Find a way to forgive—they are not worthy of your time. Lighten the emotional load, and you will improve your mood, which can help you overcome depression.

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14. Exercise

Regular exercise has benefits for helping to overcome depression. Exercise releases endorphins, which improve natural immunity and improve mood. Besides lifting your mood, regular exercise offers other health benefits, such as lowering blood pressure, protecting against heart disease and cancer, and boosting self-esteem[6].

Experts advise getting 30 minutes to an hour of moderate exercise, such as brisk walking, at least three to four times per week.

15. Don’t Give up

Depression can make you want to hide away from the world and disappear. It’s okay to take some time to be alone and re-center, but give yourself a time limit and then do something productive to improve your mood. Depression can be well managed, and there can be a wonderful life beyond depression.

Final Thoughts

Depression can make you feel like you’re living in a black hole that you’ll never escape. Fortunately, that’s not true, and you can learn how to stop being sad. One day, you’ll make it out and find that your life has a lot of greatness to offer you.

Keep in mind that although the above suggestions can be effective, depression that perseveres should be investigated further, and seeing a doctor to talk about any symptoms and get medical advice is a step in the right direction.

More on How to Overcome Depression

Featured photo credit: Randy Jacob via unsplash.com

Reference

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Mandy Kloppers

Mandy is a Psychologist/CBT therapist who believes getting through life is easier with a robust sense of humour.

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Published on April 9, 2021

What Is Mindfulness And How It Helps Your Mental Wellness

What Is Mindfulness And How It Helps Your Mental Wellness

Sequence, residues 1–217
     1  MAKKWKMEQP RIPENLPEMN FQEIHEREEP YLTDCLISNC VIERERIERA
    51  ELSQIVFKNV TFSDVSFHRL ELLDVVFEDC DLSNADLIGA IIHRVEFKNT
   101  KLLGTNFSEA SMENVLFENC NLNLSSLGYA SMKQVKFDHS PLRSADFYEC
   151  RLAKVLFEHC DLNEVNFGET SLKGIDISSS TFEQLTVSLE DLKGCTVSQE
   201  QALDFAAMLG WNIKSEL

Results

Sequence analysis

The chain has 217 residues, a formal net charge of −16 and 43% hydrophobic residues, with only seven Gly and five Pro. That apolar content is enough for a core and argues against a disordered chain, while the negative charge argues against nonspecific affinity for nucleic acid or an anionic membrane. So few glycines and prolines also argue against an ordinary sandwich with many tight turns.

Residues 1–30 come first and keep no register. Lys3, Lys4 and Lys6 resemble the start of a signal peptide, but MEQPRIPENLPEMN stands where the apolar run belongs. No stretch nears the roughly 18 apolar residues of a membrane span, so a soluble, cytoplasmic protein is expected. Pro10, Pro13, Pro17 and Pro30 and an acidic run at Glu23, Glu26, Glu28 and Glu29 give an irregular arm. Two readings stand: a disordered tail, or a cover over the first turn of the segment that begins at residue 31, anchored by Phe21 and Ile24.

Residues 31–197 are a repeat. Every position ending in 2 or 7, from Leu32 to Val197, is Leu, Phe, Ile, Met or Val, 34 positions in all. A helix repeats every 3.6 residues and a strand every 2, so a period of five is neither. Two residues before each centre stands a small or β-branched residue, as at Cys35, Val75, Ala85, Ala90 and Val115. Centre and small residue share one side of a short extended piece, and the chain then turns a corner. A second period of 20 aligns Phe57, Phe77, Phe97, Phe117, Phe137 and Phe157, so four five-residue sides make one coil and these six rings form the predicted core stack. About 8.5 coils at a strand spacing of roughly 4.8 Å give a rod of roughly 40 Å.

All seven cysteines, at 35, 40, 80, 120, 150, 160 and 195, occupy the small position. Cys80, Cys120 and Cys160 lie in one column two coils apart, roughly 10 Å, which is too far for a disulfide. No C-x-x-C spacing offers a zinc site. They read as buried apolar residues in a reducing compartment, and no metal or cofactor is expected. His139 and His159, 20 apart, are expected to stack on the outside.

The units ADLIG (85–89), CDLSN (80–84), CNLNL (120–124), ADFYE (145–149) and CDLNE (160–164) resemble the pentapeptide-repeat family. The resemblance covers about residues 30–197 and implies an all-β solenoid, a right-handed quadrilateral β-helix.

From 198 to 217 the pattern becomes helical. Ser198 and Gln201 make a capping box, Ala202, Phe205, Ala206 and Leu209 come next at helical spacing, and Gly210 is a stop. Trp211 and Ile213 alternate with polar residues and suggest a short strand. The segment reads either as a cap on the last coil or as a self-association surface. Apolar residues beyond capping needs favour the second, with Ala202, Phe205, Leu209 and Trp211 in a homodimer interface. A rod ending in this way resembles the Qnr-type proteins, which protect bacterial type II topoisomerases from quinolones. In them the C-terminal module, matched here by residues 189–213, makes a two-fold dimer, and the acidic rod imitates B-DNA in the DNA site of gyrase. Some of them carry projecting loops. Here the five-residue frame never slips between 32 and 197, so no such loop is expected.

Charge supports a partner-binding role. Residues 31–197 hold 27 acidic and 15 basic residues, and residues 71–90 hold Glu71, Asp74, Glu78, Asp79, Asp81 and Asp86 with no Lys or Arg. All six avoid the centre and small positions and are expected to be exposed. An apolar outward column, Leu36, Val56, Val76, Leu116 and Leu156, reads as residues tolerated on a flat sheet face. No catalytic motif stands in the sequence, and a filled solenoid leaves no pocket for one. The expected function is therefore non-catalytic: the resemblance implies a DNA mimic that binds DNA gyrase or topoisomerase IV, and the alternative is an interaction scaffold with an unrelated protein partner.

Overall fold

Mindfulness has become a popular buzzword in the health and wellness industry. However, few people truly understand what it is. My aim here is to teach you what mindfulness is and how it helps your mental wellness. By the end of this article, you will understand the meaning and benefits of mindfulness. Additionally, you will develop the ability to integrate mindfulness into your daily life.

What Is Mindfulness?

Mindfulness is approximately 2500-years-old with deep roots in the Eastern world as a spiritual, ethical, and philosophical practice. These roots are intimately connected to the Buddhist practice of vipassana meditation.[1]

Mindfulness continues to be practiced as a cultural and spiritual tradition in many parts of the world. For Buddhists, it offers an ethical and moral code of conduct. For many, mindfulness is more than a practice—it is a way of life.[2]

However, mindfulness has evolved in the Western world and has become a non-religious practice for wellbeing. The evolution began around 1979 when Jon-Kabat Zinn developed Mindfulness-Based Stress Reduction (MBSR).[3] Since then, mindfulness has emerged in the health and wellness industry and continues to evolve.

It is important to recognize the distinctions between mindfulness as a clinical practice and mindfulness as a cultural practice. The focus of this article is on the clinical model of mindfulness developed in the West.

Many researchers have integrated aspects of Buddhism and mindfulness into clinical psychiatry and psychology. Buddhism has helped to inform many mental health theories and therapies. However, the ethical and moral codes of conduct that drive Buddhist practices are no longer integrated into the mindfulness practices most-often taught in the Western world.[4] Therefore, Western mindfulness is often a non-spiritual practice for mental wellness.